Perfections of Our Soul

Siva’s Three Perfections

Lord SivaWe know Siva in His three perfections, two of form and one formless. First, we worship His manifest form as Pure Love and Consciousness, called Sat chid ânanda in Sanskrit. Second, we worship Him as our Personal Lord, Mahesvara, the Primal Soul who tenderly loves and cares for His devotees—a Being whose resplendent body may be seen in mystic vision. In our daily lives we love, honor, worship and serve God in these manifest perfections. Ultimately, in perfectly simple, yet awesomely austere nirvikalpa samâdhi, we realize Him as the formless Parasiva, sought for and known only by yogîs and jñânîs. We cannot speak of His Absolute Reality which is beyond qualities and description, yet knowable to the fully matured soul who seeks God within through yoga under the guidance of a satguru.

For the sake of understanding the mysteries of the soul, we distinguish between the soul body and its essence. As a soul body, we are individual and unique, different from all others. Our soul is a self-effulgent body of light which evolves and matures through an evolutionary process. This soul body is of the nature of God Siva, but is different from Him in that it is less resplendent than the Primal Soul and still evolving, while He is unevolutionary Perfection. We may liken the soul body to an acorn, which contains the mighty oak but is a small seed yet to develop. Even when God Realization is attained, the soul body continues to evolve in this and other worlds until it merges with the Primal Soul, as a drop of water merges with its source, the ocean. This is the destiny of all souls without exception.

At the core of the subtle soul body is Sat chid ânanda, or immanent Love, and at the core of that is Parasiva, or transcendent Reality. At this depth of our being there exists no separate identity or difference—all are one. Thus, deep within our soul we are identical with God this very moment, for within us are the unmanifest Parasiva and the manifest Satchidananda. These are not aspects of the evolving soul, but the nucleus of the soul, which does not change or evolve. They are eternally perfect and one with God Siva. From an absolute perspective, our soul is already in nondual union with God in His two perfections of Sat chid ânanda and Parasiva, but to be realized to be known. Sat chid ânanda is the superconscious mind of the soul—the mind of God Siva. Parasiva is the inmost core of the soul.
We are That. We do not become That. There exists no relation between Satchid
ânanda, which is pure form and consciousness, and Parasiva, which is without form. Paramaguru Siva Yoga swami taught us, “You are Siva. I am Siva. All are Siva. Even as Siva is immortal, so too are we.”

If sâdhana is pursued, will finally grow and stabilize, opening the mind to the constant state of Sat chid ânanda, where the holy inner mind of God Siva and our soul are one. Sat chidânanda is pure form, pure consciousness, pure blessedness or bliss, our soul’s perfection in form. Parasiva is formless, timeless, causeless, spaceless, as the perfection of our soul beyond form. Though it is supreme consciousness, Sat chid ânanda is not the ultimate realization, which lies beyond consciousness or mind.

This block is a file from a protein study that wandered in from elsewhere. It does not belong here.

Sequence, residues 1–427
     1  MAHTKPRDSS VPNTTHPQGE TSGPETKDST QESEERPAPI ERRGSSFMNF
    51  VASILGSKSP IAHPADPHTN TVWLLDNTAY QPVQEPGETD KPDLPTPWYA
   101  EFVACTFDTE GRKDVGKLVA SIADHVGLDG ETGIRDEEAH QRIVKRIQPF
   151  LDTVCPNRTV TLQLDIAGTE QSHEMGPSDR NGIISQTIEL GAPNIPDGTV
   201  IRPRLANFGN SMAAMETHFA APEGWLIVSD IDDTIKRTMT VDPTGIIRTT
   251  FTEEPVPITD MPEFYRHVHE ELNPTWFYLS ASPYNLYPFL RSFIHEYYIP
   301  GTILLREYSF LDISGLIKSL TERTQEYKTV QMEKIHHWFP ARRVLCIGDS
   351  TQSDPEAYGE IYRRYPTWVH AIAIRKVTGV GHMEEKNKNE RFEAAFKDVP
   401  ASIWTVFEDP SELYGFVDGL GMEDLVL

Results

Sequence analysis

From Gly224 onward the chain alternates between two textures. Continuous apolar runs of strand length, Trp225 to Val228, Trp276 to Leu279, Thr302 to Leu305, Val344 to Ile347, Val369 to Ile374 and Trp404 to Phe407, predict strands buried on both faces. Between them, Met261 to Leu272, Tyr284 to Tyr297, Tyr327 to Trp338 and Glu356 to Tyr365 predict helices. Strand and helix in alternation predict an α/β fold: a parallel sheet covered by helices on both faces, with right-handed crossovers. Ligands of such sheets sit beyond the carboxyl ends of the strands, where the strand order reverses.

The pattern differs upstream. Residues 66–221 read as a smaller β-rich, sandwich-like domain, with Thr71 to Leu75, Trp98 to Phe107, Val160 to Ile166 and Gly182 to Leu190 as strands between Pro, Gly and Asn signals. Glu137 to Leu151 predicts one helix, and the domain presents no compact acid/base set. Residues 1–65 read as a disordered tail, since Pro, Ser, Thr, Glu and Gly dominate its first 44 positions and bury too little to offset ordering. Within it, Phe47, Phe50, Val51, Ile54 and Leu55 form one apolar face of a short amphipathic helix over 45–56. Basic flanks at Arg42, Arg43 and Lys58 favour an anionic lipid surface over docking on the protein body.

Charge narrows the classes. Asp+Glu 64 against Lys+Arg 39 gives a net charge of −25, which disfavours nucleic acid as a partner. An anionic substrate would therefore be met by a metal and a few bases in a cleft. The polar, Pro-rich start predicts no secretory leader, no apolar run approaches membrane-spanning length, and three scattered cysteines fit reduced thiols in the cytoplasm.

Thus, we understand Parasiva as the perfection known in nirvikalpa samâdhi, and Sat chid ânanda as the perfection experienced in savikalpa samâdhi.

Being and Becoming

Out of the microcosm ever comes the macrocosm. Out of Parasiva—which is timeless, causeless and formless—ever comes all form. This is the great mystery without a reason why. Out of pure consciousness ever comes the light which binds all form together.

The man is both being and becoming. He is already perfect, for the essence of his soul, Parasiva and Sat chid ânanda, exists eternally within him as him, having never been created. Yet, man is evolving, becoming, for his individual soul body, created by God Siva, is not yet perfect, is still evolving through time, eventually to mature into the image and likeness of the Primal Soul and Creator, Mahesvara.

Creation is merely recognizing what is already there—that there is nothing new; everything is within you and it is portrayed on the outside as you become aware that it is already created, finished, within you.

As you become aware of one thing at a time, you are really creating it into the lower realms of your mind. You are translating it into the lower realms of your mind. Your recognition of what is is the way you create it to yourself. This is deep. This is in the realm of contemplation. And only in the realm of contemplation will you begin to conceive of it.

Contemplation is man’s power over his mind as he begins to go within himself. Concentration is man’s power over his mind as he goes through life working out life’s problems. And meditation is man’s wisdom.

“Know the truth, and the truth will make you free.” Freedom does not come through what you have remembered, how well you can rationalize, how well you can talk yourself into and out of situations, how well you can excuse negative happenings. The knowing state of
consciousness in which you can know the truth only comes when you can control the lower state of mind and live a godlike life each day, and then your consciousness does expand automatically. Your daily life becomes a life of inspiration, and in your expanded consciousness you begin to know the truth, and that knowing of the truth sets you free from the lower state of mind which you then realize is the lie, the eternal lie. The point of conception is the apex of creation.

Excerpts from “Merging with Siva” by Sivaya Subramuniyaswami